Did you know the first blog started in 1994? Well, that’s when most experts agree on at least. A student by the name of Justin Hall used it as a place to house his thoughts and daily writings. I’m sure he wasn’t fully aware of what he had started, but blogs have definitely evolved dramatically since then and are now one of the biggest opportunities online. So let’s look at how to start a nutrition blog so you can tap into this opportunity yourself.
Blogging used to be generalized as a place for journal-style posts and lifestyle writings. However, businesses and brands of all sizes and industries now focus a large portion of their marketing budget on this type of content.
And for good reason.
Over 75% of internet users read blogs and having a blog can increase your website’s organic traffic by over 400% (source). That’s a lot of opportunity.
Luckily, it’s definitely not too saturated or competitive either. In fact, there are billions of new searches typed into Google every day with innumerable niches, audiences and low-competition topics to tap into. There’s more than enough “pie” to go around.
Actually, we need more blogs and more people to better cover all these topics and questions people are searching for online – especially as more people are starting to care about their health and diet.
So on that note, let’s get started and learn how start a successful, traffic-generating blog.
Part One: Setting Up for Success
- Your Blogging Starter Kit
Part Two: Preparing for Success
- Keyword Research 101
- Topic Clusters + Content Siloing
Part Three: Getting Traffic
- SEO 101: How to Rank In Google
- Pinterest 101: The Quicker Way to Traffic
- How to Publish Your Blog
*This post contains affiliate links, which I may receive compensation from. This is at no cost to you and lets me keep the lights on. Read more here…
Step One: Setting Up for Success
Building a successful blog requires having the right tools. So let’s be sure we’re set up and ready and have everything we need.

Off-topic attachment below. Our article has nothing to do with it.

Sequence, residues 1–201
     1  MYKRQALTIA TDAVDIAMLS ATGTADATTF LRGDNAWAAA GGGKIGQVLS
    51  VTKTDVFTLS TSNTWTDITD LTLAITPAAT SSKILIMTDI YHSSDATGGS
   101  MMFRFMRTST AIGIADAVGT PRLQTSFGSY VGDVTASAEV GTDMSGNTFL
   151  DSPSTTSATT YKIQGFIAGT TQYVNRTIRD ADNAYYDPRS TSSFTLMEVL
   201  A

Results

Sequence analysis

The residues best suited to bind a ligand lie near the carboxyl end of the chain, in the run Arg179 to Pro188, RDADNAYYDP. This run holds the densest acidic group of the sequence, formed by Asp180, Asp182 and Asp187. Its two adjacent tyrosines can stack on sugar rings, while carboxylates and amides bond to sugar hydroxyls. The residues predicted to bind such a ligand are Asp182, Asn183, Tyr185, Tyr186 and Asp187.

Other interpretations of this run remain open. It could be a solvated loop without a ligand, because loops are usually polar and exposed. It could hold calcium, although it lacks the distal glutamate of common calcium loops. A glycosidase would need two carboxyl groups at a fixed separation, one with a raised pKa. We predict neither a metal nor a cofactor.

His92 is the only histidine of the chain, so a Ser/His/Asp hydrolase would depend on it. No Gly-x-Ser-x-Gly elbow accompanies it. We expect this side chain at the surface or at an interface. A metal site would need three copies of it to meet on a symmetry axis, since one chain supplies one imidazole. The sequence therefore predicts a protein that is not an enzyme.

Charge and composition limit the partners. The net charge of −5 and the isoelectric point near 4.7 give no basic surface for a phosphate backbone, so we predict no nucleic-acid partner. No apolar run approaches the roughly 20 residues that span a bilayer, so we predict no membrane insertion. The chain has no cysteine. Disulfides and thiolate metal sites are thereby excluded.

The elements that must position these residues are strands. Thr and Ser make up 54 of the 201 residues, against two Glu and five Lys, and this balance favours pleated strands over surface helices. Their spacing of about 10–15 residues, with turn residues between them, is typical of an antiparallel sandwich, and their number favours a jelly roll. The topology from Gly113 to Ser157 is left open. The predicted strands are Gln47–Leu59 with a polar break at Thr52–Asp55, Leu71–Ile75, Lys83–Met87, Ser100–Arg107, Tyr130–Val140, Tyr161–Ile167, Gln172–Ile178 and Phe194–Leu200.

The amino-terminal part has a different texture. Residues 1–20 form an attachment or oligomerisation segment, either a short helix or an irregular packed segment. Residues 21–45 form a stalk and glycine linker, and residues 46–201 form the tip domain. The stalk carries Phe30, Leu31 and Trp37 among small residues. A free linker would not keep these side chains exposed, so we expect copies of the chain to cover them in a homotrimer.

Below are four key things you’ll need.
Your Blogging Starter Kit
This is the first step to a successful nutrition blog – your sort of starter kit. Some of these may be a bit obvious (like needing a website…), but working your way through these four key areas will help immensely moving forward.
Having a website to host your blog is essential. And if you’re trying to grow your brand and business as a nutritionist or dietitian online, you’ll need to have a website regardless (it’s a must-have).
So here a few of my top website choices for blogging:
- One of the most popular and long-standing blog hosting platforms
- Over __% of blogs are hosted by WordPress
- More difficult to learn (a slight learning curve)
- Perfect for the serious blogger, who wants to turn this into a core part of their nutrition business
- The most user-friendly platform for beginners
- Has a lot of business functionalities and a ton of third party app integrations
- Intuitive and perfect for the casual blogger
- Perfect for someone who wants a blog without having an actual website
- You can create a profile account and post blogs directly onto Medium
- You can repost your website blogs onto Medium to increase your exposure and potential traffic
2. Your Niche
Once you have your website, you’ll need to dial in on your exact niche. Being just a nutritionist or dietitian is way too broad.